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Eco-tourism in the “Reconstruction” National Park

Sanriku Fukko (Reconstruction) National Park, which extends about 220 kilometers north and south from southern Aomori Prefecture to the Oshika Peninsula in Miyagi Prefecture, is a national park that aims to pass down the reconstruction following the Great East Japan Earthquake and the damage caused by it from generation to generation.

Sanriku Fukko (Reconstruction) National Park is a park featuring a varied beautiful rias coastline. This national park was designated as Rikuchu Beach National Park in 1995 and attracted about 4.07 million visitors in 2010. In 2013, the park was designated as Sanriku Fukko (Reconstruction) National Park to contribute to the reconstruction of the Sanriku area that was damaged by the Great East Japan Earthquake in 2011.

If you drive one and a half hours by car northeast of Sendai, the largest city in the Tohoku region, you will reach a beautiful spot called Kamiwarizaki in Minamisanriku Town that faces the Pacific Ocean. The name Kamiwarizaki was derived from the legend that God became angry at a quarrel between two villages, and ripped a huge rock apart, separating the villages. There is a beautiful sunrise twice a year—in mid-February and late October—in the gap between the two rocks at Kamiwarizaki, where wild waves roll in.

In Rikuzentakata City, Iwate Prefecture, which is located north of Minamisanriku, there used to be Takatamatsubara, with a two-kilometer stretch of pine forests on a white beach. Afforestation began about 350 years ago, when trees were planted to protect the shoreline. It was a place of scenic beauty, where about 70,000 pine trees grew, and it attracted 1.09 million tourists in 2009 before the earthquake. The tsunami washed away Takatamatsubara, forests and all. Miraculously, however, a sole pine tree remained and became a form of emotional support for the local people. Unfortunately, this last pine tree withered, but preservative treatment and reinforcement were applied to it, and the tree is preserved as the “Miracle Lone Pine Tree,” a monument that symbolizes the reconstruction efforts from the damage caused by the earthquake. Currently, a project for planting 40,000 pine trees by 2019 is underway to restore Takatamatsubara.

In the Suesaki Peninsula in Ofunato City, which is located on the northeastern side of Takatamatsubara, the Goishi Coast, where stone-shaped round pebbles like go stones extend along the peninsula, and the Anatoshi-iso Rock Arch where there are many triangular rocks protruding from the surface of the sea, are popular tourist destinations. In particular, you can enjoy sailing on a pleasure boat through three large holes that were created by the erosion of seawater at the Anatoshi-iso Rock Arch.

If you travel north from Ofunato to Miyako City, the landscape with a wild coastline until then will change dramatically and you will see Jodogahama Beach with a grove of pine trees atop sharply pointed white rhyolite rocks in an extremely transparent blue sea with gentle waves. Jodogahama Beach was named after the fact that in the eighteenth century, a priest of great sanctity who viewed the magnificent, beautiful beach said that it was just like Gokuraku-Jodo Pure Land.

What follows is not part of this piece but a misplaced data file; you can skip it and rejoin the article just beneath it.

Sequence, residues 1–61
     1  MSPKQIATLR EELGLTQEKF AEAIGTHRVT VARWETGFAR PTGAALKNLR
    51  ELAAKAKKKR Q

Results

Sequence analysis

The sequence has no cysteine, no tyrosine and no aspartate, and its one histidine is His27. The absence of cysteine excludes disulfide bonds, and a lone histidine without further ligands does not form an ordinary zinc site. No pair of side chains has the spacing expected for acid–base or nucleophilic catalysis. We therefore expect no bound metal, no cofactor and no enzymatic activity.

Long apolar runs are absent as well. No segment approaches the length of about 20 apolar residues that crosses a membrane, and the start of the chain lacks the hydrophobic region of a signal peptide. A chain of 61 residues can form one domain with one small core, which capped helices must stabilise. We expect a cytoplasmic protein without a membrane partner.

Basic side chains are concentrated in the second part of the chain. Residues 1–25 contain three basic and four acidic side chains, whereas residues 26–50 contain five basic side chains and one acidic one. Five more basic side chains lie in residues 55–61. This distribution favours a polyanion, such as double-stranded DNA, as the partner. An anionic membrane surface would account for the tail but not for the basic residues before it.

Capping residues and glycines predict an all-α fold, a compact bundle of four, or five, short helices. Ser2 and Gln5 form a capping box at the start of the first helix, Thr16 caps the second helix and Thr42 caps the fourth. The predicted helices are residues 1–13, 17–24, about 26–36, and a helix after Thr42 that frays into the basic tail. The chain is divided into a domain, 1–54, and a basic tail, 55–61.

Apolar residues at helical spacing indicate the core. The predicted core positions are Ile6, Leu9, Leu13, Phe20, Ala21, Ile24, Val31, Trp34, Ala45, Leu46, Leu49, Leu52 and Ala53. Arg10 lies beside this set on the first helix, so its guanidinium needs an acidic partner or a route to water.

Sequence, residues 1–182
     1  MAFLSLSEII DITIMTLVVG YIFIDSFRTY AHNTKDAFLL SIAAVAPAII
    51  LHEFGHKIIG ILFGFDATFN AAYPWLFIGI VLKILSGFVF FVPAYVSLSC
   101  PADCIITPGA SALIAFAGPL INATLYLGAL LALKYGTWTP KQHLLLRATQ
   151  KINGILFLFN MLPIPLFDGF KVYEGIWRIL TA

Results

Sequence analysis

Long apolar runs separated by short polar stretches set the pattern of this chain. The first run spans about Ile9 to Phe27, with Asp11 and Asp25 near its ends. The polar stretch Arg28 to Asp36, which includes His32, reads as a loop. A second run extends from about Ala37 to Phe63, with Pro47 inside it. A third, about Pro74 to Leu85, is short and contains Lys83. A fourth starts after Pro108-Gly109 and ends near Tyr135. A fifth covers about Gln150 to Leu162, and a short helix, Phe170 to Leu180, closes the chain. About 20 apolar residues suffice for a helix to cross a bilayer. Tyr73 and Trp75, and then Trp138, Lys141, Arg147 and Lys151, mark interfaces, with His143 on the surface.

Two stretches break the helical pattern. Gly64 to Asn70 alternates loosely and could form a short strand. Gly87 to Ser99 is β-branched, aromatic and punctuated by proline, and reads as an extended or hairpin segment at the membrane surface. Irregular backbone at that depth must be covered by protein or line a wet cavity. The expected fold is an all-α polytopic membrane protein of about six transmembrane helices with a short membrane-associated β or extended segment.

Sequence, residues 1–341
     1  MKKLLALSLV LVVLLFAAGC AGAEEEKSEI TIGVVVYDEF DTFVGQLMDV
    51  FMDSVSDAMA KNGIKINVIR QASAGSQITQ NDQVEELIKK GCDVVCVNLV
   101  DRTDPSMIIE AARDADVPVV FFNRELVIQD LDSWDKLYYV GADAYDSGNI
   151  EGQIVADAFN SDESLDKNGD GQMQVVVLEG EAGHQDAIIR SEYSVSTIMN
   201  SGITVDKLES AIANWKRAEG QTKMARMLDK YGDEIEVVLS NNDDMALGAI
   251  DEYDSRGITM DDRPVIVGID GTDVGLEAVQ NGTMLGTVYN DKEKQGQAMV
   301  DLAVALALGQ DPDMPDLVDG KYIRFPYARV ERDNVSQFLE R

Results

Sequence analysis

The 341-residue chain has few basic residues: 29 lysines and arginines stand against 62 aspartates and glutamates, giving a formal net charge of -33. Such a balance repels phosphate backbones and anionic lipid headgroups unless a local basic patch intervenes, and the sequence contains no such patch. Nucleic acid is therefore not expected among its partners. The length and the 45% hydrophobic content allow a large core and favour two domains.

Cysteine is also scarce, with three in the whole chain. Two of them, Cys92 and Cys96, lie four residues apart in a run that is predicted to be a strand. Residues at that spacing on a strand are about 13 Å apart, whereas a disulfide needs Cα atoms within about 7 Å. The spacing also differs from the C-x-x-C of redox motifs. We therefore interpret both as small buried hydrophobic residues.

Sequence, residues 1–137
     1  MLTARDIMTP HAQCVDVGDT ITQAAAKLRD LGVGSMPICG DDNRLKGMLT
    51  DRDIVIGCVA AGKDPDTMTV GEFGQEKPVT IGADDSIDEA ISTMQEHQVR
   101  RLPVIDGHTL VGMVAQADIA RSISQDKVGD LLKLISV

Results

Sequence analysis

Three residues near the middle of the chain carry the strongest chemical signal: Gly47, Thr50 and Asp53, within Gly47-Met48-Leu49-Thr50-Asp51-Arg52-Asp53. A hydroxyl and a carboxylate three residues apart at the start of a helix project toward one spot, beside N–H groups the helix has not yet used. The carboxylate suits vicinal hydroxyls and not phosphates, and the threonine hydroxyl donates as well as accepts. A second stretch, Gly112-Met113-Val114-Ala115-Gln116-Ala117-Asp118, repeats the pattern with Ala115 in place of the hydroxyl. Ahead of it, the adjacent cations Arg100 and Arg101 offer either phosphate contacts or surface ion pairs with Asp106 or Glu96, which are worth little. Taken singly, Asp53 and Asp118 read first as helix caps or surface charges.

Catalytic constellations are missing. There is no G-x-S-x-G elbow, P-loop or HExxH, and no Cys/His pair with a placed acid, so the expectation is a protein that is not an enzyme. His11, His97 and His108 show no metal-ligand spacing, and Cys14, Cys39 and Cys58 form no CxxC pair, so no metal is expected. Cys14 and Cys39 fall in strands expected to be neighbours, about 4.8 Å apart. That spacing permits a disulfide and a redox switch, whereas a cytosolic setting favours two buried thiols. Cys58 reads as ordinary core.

Sanriku Beach is also known for its numerous fishing grounds, and Yamada Bay, where oyster cultivation is active, is located south of Jodogahama Beach. This bay was also seriously damaged by the tsunami. But local fishermen made great efforts to reassemble the cultivation rafts that were not lost and assemble new rafts using local timber from forest thinning, which led to the cultivation rafts floating in the bay again. The oysters harvested in Yamada Bay have a firm body, and you can enjoy dynamically steaming open and eating fresh oysters in their shells that are cooked in oyster huts erected along the beach.

Sanriku Fukko (Reconstruction) National Park offers even more attractions. You can also enjoy viewing the beautiful landscape of the beaches and the superb views, eating all sorts of delicacies from the land and sea and numerous activities, such as bathing in the sea and mountain-climbing. For example, the Tanesashi Coast in Hachinohe City, Aomori Prefecture, which is located in the northernmost part of the park, features beautiful natural grass that stretches along a beach; Tanohata Village, Iwate Prefecture, which is located about 70 kilometers to the south, features Kitayamazaki Cliff, known as the “Alps of the Ocean,” where cliffs about 200 meters high extend for eight kilometers. In addition, you will also be overwhelmed by the Unosu Cliff, which is shaped like the teeth of a saw along with untouched nature 10 kilometers to the south.

Tourists are now returning to the park that was created to pass down the damage caused by the tsunami and the reconstruction efforts from the damage from generation to generation, and the park is visited by an increasing number of people who come to undertake disaster damage control education from around the country.

In Sanriku Fukko (Reconstruction) National Park, the Michinoku Coastal Trail, which connects Hachinohe and Matsukawaura, a beauty spot in northern Fukushima Prefecture, is being built with the aim of opening all its routes by March 2019. This is a natural promenade where people can experience local nature and lives connecting the scars from the disaster. It is intended to pass down the importance of the connections between the forests, the countryside, rivers and seas that make up the rich nature of Sanriku, where eco-tourism can be enjoyed.

With its designation as Sanriku Fukko (Reconstruction) National Park, the Sanriku area is being reborn as an even more attractive park in addition to passing down the reconstruction efforts from the disaster and the damage caused by it.